I’ve just had my second birthday! Just over two years ago, I threw caution to the wind to fire up my new content marketing and brand storytelling business ‘Copy That Sells’.
A successful content marketer, I felt the corporate world was not lighting my fire. My burning desire was to use my content marketing skills to help small and medium-sized businesses get their voices heard by the ideal customers they’d love to target. I wanted to hone a hot business story which would warm the coolest of clients’ hearts, helping them to turn their own clients into the best advocates they’d ever had!
After two years of hard graft at the coalface, here’s how I stoked up the fire. Here’s how I beat hot metal with a hammer to craft the next phase of my growing business. Two years in, here are some practical tips for doing the same.
1. Blaze a trail with a brilliant business story and marketing strategy
Photo credit: Karen Bennett Photography, https://karenbennettphotography.co.uk/
Your brand story needs to emotionally resonate with your ideal audience. These are the people who believe strongly in the values you hold dear and love the work you do. Your story is the catalyst which will attract them to you, not someone else. I always do my very best work for people I truly care about, doing the work I love to do.
In my two years running my business, I am learning not to deviate. In the process, I have successfully punched out a marketing model which allows me to serve my clients well, whilst giving me the cash flow to make it sustainable. According to Bloomberg, 80% of business start-ups crash and burn after just 18 months. Make sure you are not part of that statistic!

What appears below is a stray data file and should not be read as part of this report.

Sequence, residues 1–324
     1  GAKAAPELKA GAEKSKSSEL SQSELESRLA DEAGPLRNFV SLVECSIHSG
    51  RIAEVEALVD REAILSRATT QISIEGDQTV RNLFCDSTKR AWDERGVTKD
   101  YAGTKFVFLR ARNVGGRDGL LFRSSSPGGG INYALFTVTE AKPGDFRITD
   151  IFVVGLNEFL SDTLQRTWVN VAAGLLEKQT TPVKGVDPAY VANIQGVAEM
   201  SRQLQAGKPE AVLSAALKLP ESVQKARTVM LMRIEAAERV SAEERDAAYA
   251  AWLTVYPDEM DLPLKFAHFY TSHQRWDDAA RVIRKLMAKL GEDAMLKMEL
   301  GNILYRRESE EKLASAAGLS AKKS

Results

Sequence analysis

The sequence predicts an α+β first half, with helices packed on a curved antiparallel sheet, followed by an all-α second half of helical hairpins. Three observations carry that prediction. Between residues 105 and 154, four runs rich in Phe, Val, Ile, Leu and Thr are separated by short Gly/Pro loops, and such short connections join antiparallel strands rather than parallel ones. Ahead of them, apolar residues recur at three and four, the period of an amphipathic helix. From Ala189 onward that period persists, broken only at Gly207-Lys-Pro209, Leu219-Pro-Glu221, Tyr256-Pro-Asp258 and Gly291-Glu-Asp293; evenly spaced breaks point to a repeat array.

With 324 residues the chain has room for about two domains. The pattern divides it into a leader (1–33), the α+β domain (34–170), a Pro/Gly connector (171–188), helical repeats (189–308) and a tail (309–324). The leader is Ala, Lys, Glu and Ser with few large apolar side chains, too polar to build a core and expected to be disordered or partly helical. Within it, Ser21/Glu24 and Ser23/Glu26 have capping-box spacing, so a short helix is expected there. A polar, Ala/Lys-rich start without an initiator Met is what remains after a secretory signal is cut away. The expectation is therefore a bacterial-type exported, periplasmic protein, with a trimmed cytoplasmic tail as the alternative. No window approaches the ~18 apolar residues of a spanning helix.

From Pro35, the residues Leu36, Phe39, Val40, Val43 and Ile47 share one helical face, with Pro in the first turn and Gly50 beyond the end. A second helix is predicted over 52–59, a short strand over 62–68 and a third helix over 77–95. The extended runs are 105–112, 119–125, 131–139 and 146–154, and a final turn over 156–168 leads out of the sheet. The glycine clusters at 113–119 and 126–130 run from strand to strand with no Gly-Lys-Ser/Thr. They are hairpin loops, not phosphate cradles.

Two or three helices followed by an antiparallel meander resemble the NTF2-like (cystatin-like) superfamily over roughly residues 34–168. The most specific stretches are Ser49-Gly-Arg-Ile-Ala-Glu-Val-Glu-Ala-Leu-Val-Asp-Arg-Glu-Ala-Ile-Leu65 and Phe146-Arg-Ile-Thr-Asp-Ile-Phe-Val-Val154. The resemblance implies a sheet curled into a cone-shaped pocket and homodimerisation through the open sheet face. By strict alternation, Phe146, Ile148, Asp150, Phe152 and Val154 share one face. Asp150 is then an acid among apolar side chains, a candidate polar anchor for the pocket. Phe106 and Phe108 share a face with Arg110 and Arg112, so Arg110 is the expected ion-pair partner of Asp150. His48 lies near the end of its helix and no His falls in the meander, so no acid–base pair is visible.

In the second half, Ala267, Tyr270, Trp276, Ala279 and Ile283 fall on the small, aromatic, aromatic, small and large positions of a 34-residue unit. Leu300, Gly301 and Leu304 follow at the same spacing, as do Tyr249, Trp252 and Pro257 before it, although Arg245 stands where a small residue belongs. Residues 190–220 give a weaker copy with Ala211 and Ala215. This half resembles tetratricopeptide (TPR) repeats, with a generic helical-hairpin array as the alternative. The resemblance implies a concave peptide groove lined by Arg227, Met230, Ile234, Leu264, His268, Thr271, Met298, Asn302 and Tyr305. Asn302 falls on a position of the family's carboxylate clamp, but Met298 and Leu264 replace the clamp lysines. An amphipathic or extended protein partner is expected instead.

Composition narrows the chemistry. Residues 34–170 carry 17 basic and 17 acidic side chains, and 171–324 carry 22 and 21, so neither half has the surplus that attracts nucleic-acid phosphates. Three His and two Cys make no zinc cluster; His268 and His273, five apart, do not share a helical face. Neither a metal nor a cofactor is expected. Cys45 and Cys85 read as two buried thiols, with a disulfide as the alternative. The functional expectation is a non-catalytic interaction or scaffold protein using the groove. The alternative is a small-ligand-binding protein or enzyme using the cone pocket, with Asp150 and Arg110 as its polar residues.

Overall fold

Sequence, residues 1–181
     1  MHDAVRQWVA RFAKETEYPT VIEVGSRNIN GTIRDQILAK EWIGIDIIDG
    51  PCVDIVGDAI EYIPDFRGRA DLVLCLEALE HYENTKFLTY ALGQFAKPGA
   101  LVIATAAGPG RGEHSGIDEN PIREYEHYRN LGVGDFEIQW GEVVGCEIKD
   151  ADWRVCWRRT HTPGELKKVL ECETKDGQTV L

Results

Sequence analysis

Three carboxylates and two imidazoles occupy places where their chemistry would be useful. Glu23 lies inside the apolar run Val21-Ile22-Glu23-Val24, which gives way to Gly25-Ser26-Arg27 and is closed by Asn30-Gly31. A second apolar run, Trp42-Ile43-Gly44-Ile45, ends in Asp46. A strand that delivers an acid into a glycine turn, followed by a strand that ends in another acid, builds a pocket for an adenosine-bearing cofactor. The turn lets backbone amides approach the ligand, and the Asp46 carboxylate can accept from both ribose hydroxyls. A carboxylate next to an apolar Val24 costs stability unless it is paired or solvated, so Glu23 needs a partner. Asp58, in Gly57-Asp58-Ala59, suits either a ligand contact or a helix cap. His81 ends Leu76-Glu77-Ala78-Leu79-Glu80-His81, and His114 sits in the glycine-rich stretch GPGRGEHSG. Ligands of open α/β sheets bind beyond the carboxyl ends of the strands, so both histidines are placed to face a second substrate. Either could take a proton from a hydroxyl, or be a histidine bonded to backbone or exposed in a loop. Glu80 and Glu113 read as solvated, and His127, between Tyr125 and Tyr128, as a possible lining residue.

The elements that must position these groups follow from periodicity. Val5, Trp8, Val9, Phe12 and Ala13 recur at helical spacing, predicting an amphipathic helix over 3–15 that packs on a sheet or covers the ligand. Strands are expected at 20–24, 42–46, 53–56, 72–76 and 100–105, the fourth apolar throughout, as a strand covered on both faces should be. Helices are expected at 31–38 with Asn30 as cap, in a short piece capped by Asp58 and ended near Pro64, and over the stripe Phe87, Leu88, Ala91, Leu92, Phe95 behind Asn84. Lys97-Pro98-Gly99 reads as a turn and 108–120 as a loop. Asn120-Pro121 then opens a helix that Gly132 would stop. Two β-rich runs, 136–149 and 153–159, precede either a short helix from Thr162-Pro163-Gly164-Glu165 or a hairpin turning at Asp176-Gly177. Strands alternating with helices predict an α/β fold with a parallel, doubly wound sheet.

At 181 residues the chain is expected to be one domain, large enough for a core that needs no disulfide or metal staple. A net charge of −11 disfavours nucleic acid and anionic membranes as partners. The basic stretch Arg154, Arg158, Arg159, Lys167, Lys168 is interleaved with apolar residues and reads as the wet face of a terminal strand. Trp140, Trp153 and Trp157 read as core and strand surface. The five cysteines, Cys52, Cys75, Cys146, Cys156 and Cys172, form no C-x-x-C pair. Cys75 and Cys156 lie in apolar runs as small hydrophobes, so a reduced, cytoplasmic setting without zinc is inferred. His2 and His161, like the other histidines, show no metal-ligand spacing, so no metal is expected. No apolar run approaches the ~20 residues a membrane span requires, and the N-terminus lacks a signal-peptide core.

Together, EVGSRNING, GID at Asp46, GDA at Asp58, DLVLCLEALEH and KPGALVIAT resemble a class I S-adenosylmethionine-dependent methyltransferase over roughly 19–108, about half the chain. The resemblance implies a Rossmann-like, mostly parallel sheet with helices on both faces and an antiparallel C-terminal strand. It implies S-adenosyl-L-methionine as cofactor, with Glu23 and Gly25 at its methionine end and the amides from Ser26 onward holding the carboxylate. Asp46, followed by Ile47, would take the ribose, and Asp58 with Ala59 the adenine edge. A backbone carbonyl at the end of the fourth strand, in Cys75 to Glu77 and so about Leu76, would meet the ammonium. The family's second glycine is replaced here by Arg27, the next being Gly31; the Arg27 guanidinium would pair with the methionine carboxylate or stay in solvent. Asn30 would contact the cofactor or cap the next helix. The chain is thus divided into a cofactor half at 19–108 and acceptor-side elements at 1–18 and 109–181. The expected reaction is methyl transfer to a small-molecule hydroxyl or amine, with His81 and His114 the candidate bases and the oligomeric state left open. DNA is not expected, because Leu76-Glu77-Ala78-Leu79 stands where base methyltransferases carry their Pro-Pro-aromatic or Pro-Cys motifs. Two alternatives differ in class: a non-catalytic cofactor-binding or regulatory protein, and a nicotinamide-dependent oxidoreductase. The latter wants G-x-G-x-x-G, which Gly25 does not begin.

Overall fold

2. Use the right tools for the job
Photo credit: Henryk Niestrój, Pixabay
Heat your fire to the optimum temperature and use the best hammer, anvil and chisel to sculpt, weld, forge and finish a product which suits the market you wish to serve. Clients generally want repeatable content. They know I’ll write a core story which can be easily repurposed into a variety of content marketing format which they can immediately roll this out to their target audience in a consistent, cohesive, appealing way.
There are jobs I don’t love, such as tax, taking me away from work I would prefer to do. They are the ones I outsource to others. I use tools like Hootsuite to schedule regular content to the social media platforms where my audiences regularly hang out and prefer to create my own content. I know that I can only manage 2 or 3 social media platforms well as a busy solo-entrepreneur!
Marketing can be time-consuming. A strong marketing plan and strategy will act as the bellows of your business. It will supply the oxygen to remain red-hot and ready to go in the direction you would love it to go.
3. Keep your fire burning brightly
Photo credit: littlevisuals.co, pexels